BlackBerry, Samsung Deny They’re in Talks About a Deal (Bloomberg)
BlackBerry Ltd. and Samsung Electronics Co. denied reports that they are in talks about Samsung potentially acquiring the Canadian smartphone maker. BlackBerry retreated after an earlier surge, falling as much as 17 percent to $10.50 in late trading in New York. Reuters, citing an unnamed person and documents, reported that Samsung had recently approached BlackBerry with an initial offer price of $13.35 to $15.49 a share, valuing the company at as much as $7.5 billion. Reuters also said executives from the two companies met last week to discuss a transaction.
Son accused of murdering hedge-fund dad to share in $1.6M will (NYP)
The spoiled hedge-fund scion charged with murdering his dad after the old man cut his allowance may get the dough after all The will of Thomas Gilbert Sr. was filed in Manhattan Surrogate’s Court Wednesday and it splits his $1.6 million fortune between his wife, daughter and the son who is charged in his death. The will says Thomas Gilbert Jr., 30, should receive quarterly payments from a trust in his name until he’s 35. After that he gets whatever is left in the account in a lump sum.
Continental Resources’ Hamm Pledges Stock as Collateral for Loan (WSJ)
Harold Hamm, chairman of Continental Resources Inc., has pledged 18% of his company’s shares outstanding—a portion valued at about $2.6 billion—as collateral for a personal loan. It isn’t immediately clear from his regulatory filing why Mr. Hamm took out the loan backed by his Continental shares, or where the funds came from. Mr. Hamm’s move comes just days after his ex-wife, Sue Ann Arnall, cashed a check for nearly $975 million, meant to satisfy the couple’s recent divorce decree. Both Mr. Hamm and Ms. Arnall are appealing the judge’s ruling in the divorce, with Ms. Arnall saying she is entitled to more and Mr. Hamm arguing he should owe less.
JP Morgan’s Breakup Agitators Get a Hand as Profit Disappoints (Bloomberg)
“Jamie, could you remind us how you’re thinking about the benefits of keeping the franchise consolidated for the shareholders versus some of the conversation that investors are having today about breaking up or shrinking the bank?” said Erika Najarian, a Bank of America Corp. analyst. JPMorgan benefits from its size and diversity, which helped it weather the financial crisis without a quarterly loss, Dimon said. Splitting up the firm would be a mistake for both customers and shareholders and could give foreign competitors such as Chinese banks an advantage, he said. “The unscrambling would be extraordinarily complex, and it would be extraordinarily complex in debt, in systems and technology,” Dimon said. Disassembling JPMorgan during a low for the banking environment would be “premature,” Chief Financial Officer Marianne Lake said.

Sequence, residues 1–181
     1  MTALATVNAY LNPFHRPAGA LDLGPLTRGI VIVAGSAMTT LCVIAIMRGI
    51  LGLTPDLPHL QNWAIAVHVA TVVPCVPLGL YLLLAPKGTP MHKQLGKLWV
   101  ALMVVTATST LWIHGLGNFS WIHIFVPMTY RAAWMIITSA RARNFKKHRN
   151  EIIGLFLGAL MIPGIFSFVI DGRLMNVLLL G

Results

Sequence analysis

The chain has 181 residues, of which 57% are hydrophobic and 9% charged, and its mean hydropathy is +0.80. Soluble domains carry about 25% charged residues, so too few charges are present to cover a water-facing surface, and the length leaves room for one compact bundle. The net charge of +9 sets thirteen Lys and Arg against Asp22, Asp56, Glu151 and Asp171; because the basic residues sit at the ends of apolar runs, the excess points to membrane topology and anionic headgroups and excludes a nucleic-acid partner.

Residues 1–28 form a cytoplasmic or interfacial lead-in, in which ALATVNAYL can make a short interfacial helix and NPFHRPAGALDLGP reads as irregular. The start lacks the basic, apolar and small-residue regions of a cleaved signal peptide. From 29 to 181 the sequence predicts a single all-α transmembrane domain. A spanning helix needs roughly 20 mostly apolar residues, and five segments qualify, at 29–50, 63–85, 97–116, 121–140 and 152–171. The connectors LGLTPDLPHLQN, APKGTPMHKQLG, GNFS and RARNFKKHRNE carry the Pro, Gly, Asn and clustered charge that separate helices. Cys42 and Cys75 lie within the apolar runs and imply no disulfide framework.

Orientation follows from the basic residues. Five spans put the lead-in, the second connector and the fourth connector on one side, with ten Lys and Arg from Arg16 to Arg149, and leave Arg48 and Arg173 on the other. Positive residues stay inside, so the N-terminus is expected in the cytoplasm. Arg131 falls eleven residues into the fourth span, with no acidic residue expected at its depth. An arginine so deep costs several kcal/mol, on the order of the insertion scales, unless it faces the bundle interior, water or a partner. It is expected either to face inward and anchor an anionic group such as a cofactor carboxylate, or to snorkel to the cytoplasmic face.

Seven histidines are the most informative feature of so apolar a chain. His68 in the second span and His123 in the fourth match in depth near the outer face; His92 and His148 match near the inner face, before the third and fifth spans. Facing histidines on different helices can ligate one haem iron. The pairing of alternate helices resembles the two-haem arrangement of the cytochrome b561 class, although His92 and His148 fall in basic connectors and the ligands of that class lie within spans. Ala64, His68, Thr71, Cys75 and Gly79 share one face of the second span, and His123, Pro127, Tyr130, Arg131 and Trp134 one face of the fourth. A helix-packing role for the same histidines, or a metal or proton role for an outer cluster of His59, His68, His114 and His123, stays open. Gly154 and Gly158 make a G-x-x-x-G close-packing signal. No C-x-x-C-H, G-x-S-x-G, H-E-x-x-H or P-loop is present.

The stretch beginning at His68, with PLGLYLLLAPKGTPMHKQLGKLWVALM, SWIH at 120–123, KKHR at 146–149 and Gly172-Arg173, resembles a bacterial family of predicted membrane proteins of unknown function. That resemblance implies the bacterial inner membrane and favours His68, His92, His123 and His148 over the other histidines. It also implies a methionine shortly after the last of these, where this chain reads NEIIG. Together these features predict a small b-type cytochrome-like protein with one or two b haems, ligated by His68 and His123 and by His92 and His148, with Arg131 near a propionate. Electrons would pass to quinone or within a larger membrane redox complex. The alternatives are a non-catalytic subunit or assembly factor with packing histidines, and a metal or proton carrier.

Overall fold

JP Morgan’s Dimon Says Big Is Beautiful (WSJ)
“A lot of people just look at size, and it scares them,” Mr. Dimon said. “But that isn’t the determinant.” Though he complained about being “under assault” from regulators and used an expletive when referencing the firm’s occasional mistakes, Mr. Dimon argued that the bank is effective in its current form.
Handcuffed woman steals police car, leads 120 mph chase in Pennsylvania: report (NYDN)
A handcuffed woman stole the police car she was in and then led seven different police agencies in western Pennsylvania on a wild chase at speeds up to 120 mph Wednesday evening. The 27-year-old woman briefly evaded authorities before being apprehended after jumping out of a second stolen vehicle, the Beaver County Times reported. Police arrested Roxanne Rimer, of Beaver Falls, Pa., about 30 minutes after she allegedly drove off in a Center Township cruiser. She had initially been taken into custody at 6:45 p.m. after being accused of shoplifting at Kohl’s in Monaca, Pa., 30 miles northwest of Pittsburgh. Rimer reportedly maneuvered her cuffed hands in front of her and climbed into the driver’s seat of the police car while the officer was dealing with another suspect, the Times reported. “She managed somehow to crawl through the window and get into the controls of the police car,” Center Township Police Chief Barry Kramer told the Times. “The officer sees it, but he is unable to get back in the car.” It kicked off a high-speed chase that included five townships, state police and the Beaver County Sheriff’s Department before cops found the stolen cruiser — which suffered front end damage — abandoned in nearby Crescent, Pa. Read more »